I’m leaving on a jet plane, but who’s paying?
In amongst the costs associated with owning, leasing or chartering corporate jets are two issues that are often overlooked. This can be because those involved with the owning, leasing or chartering don't realise there could be problems, or that the amounts involved are, relatively speaking, small. However, if ignored, they are likely to cause income tax (and social security) problems for both employer and employee alike.
The issues in question are private usage of a jet and accounting for payroll taxes in respect of the crew's salary costs.
Harley Richards, Tax Practice Manager at KPMG Isle of Man looks at private usage of a jet and payrolling the crew.
In amongst the costs associated with owning, leasing or chartering corporate jets are two issues that are often overlooked. This can be because those involved with the owning, leasing or chartering do not realise there could be problems, or that the amounts involved are, relatively speaking, small. However, if ignored, they are likely to cause income tax (and social security) problems for both employer and employee alike.
The issues in question are private usage of a jet and accounting for payroll taxes in respect of the crew’s salary costs. Although this article is written primarily from the point of view of UK income tax and social security, most jurisdictions have legislation governing these topics – some giving rise to even more draconian charges than the UK – so a prudent approach would always be to satisfy yourself that you do not have any underlying responsibilities in respect of these matters, from the outset.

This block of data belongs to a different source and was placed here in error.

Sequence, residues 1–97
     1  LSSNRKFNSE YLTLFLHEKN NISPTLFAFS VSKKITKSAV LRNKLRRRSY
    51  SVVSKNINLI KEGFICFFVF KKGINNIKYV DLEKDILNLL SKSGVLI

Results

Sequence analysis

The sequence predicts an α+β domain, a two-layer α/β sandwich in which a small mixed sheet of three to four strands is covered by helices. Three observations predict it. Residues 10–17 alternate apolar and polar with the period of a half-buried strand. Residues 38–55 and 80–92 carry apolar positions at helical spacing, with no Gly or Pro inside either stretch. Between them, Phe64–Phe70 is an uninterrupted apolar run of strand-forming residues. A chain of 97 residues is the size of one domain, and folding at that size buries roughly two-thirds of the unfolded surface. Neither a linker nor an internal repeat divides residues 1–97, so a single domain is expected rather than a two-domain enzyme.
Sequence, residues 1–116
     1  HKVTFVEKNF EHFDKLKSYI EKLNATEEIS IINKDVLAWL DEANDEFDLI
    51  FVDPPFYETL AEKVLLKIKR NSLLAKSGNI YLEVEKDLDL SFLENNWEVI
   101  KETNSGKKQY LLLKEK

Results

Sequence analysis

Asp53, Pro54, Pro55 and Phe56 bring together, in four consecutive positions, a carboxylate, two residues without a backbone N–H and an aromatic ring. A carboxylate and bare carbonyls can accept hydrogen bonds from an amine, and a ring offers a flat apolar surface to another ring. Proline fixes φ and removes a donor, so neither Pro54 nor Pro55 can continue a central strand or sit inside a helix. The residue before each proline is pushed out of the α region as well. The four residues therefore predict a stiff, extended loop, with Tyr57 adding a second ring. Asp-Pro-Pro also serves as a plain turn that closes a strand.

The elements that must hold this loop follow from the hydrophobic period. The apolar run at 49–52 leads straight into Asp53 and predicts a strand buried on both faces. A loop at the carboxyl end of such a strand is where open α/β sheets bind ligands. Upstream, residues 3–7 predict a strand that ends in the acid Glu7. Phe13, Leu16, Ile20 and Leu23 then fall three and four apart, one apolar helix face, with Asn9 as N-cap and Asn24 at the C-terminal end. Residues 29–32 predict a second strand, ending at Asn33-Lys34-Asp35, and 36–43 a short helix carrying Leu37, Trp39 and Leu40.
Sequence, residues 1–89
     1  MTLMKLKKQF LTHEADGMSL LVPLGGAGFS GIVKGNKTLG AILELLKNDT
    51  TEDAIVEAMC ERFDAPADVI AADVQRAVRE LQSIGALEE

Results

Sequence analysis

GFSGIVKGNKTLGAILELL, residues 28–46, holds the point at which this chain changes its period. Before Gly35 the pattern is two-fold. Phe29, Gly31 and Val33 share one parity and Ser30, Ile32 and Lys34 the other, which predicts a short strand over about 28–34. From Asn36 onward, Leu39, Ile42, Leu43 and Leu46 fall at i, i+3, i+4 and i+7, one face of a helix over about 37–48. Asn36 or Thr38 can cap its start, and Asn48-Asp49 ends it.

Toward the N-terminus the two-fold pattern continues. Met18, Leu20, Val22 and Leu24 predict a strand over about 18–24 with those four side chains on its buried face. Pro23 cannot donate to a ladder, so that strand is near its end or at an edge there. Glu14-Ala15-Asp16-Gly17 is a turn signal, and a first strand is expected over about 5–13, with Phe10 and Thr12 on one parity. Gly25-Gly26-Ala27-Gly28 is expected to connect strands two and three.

Firstly, let’s consider the UK income tax laws relating to the provision of a corporate jet for private usage as a benefit of kind to an employee. In basic terms, the employee will be liable to income tax on 20% of the aircraft’s market value when it was first placed at the their disposal, plus additional expenses (such as landing fees, insurance, aircrew costs etc), less any contributions made by the employee.
It is important to note that this tax charge will arise if the aircraft is available for the use of the employee; Her Majesty’s Revenue and Customs (“HMRC”) guidance clearly states that whether an employer’s assets (in this case the aircraft) are actually used or not is immaterial. The relevant legislation is triggered where an asset is “placed at the disposal of” the employee, rather than the point at which the employee makes use of it. In practice, therefore, HMRC will often deem an asset to be permanently at an employee’s disposal for private use (particular in an owner managed business for example) unless its availability is actively restricted.
Let me clarify this with a simple example. Consider an aircraft with a market value of £1.5 million that is placed at an employee’s disposal (with no restrictions on when it may be used) and the employee uses it for 60 days during a tax year. The basic benefit in kind charge to the employee will be 20% of the aircraft’s market value i.e. £300k (being 20% of £1.5m). A further benefit in kind charge arises in respect of costs relating to the aircraft’s use. If we assume these costs total £20k for the year then the total taxable benefit in kind becomes £320k. In the UK, for a 50% tax payer, this means a personal income tax liability of £160k (plus an associated employer’s Class 1A National Insurance Contribution (“NIC”) of 12.8% of the £320k). These liabilities will exist for each year the aircraft is made available for the employee’s private use, regardless if how much actual private use takes place i.e. the 60 day’s private usage is irrelevant for the purposes of the tax liability calculation.